Directed by Pierre Coré, Belle & Sebastian: Next Generation is a French action-adventure film which is a reboot of the previous Belle & Sebastian film franchise.
Its last adaptation was released a film trilogy between 2013 to 2017. The Belle & Sebastian franchise however dates back to the 60s where the two characters had a TV series on French television in 1965, and a French novel that was based on the TV series titled Belle et Sébastien that was published in 1966 and written by Cécile Aubry. The duo also had multiple animated film and TV spin-offs based on their adventures throughout the years as well.
When ten-year-old city boy, Sébastien (Robinson Mensah Rouanet) gets into trouble and ends up at a police station, his mother Cécile (Caroline Anglade) decides that a change of scenery might help him stop getting in trouble. So, she arranges for Sébastien to spend some time with her sister Noémie (Alice David) and mother Corinne (Michelle Laroque) on their farm.
Sébastien isn’t happy about the arrangement but things change when he has a chance meeting with a huge white female Pyrenean mountain dog named Belle. Sébastien is shocked to discover that she is being mistreated by her owner so he sets her free, but she remains by his side. Sébastien tries to protect Belle from her previous owner and Belle helps Sébastien enjoy his time away from the city, spending time with his family.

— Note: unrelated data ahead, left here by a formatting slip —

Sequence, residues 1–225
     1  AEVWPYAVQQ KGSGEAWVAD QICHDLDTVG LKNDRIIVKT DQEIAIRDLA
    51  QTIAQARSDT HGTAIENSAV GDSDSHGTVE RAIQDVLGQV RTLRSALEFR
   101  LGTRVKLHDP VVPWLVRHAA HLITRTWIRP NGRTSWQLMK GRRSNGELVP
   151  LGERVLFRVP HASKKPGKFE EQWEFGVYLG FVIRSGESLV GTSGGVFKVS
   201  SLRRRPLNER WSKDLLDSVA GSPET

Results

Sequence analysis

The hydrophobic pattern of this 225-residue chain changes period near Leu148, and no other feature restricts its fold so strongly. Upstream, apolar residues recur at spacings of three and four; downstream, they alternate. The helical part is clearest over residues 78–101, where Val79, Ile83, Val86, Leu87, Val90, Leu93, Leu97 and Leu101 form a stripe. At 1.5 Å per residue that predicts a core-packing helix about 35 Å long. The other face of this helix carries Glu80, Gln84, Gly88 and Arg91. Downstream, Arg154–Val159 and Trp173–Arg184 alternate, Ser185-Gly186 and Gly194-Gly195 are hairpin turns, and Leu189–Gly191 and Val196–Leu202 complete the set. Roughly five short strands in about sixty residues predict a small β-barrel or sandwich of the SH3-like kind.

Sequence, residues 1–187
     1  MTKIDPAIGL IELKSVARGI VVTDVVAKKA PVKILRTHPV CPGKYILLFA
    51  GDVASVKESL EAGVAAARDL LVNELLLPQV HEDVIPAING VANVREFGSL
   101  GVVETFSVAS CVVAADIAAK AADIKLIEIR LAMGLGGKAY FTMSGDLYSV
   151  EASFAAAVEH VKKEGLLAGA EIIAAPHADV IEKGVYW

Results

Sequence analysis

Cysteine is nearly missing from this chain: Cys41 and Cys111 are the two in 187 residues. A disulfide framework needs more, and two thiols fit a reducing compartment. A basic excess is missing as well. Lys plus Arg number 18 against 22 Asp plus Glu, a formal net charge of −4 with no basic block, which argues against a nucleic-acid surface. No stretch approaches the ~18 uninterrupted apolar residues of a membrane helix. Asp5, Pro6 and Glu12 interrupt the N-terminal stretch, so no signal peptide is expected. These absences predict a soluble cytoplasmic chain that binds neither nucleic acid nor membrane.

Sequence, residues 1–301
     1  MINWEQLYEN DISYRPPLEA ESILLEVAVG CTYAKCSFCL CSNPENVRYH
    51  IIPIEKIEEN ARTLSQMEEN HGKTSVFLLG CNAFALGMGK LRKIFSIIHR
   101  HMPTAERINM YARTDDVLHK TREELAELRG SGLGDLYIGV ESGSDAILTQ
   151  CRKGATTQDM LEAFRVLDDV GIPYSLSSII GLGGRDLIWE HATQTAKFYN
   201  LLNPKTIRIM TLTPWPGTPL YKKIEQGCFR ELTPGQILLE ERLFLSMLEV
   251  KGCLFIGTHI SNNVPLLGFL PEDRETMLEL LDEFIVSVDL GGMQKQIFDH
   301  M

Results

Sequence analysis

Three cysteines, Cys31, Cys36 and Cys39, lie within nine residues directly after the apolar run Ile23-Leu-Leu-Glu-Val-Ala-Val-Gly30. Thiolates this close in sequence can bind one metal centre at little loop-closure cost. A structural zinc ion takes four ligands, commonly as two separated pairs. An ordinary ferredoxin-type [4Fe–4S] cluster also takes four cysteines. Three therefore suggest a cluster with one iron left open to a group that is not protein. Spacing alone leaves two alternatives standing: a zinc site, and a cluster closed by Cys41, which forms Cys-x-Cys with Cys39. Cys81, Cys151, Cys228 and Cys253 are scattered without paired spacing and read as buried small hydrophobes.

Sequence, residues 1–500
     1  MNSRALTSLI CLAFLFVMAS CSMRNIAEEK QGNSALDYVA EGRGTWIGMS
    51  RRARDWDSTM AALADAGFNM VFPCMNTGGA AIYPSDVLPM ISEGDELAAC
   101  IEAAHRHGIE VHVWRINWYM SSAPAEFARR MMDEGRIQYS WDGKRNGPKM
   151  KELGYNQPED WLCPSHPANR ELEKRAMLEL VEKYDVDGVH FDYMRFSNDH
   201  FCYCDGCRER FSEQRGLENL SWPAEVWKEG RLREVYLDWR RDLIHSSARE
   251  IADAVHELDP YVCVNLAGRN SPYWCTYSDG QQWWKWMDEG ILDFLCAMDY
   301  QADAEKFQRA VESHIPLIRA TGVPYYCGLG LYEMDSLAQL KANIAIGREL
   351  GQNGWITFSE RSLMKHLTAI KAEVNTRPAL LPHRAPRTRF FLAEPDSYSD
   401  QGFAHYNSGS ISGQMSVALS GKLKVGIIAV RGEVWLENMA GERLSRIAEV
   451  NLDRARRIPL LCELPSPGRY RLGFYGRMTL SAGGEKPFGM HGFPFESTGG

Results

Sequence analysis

I must admit I was not familiar with the Belle & Sebastian franchise before. I really wanted to like the film. I liked the idea of a young kid reluctantly spending time away from the city, saving and befriending a dog. But I don’t think this film quite hit the mark. I believe that this is partly due to a lot of the characters not being very likable. The characters are all flawed and while they do learn some lessons along the way, I found it difficult to be invested in them.
The character that I enjoyed watching the most was Belle, but that isn’t very surprising since I am a dog person. I always worry when I watch a film with a dog or an animal as a main character as I am concerned that there’d be moments where the dog is sad or has been mistreated in the story. While that does happen in this film, it is mostly done off screen. This is still sad, but it is almost tolerable, rather than seeing an animal being harmed on-screen, especially for a softy like me.
Despite being unable to become invested in the characters, this doesn’t mean that there weren’t any strong acting performances. Robinson Mensah Rouanet delivers a very convincing performance for a young actor. You believe that he cares for Belle and that she is his best friend. His character also becomes more bearable when Belle enters the story because before that I found him annoying.
The supporting cast all delivered strong performances as well. In fact, it seemed like there was more story to tell with Cécile, Noémie, and Corinne but it was quickly forgotten about without being resolved which seemed like a missed opportunity. They provided strong performances despite their stories not being properly explored.
I will give the film credit for having some amazing cinematography. The locations that they used for the farm look very colourful which made the film visually appealing to look at.
Belle & Sebastian: Next Generation is a film that has a sweet story and some nice sentiments but it sadly lets itself down by not having compelling characters that can keep you invested.
Belle & Sebastian: Next Generation is in cinemas now.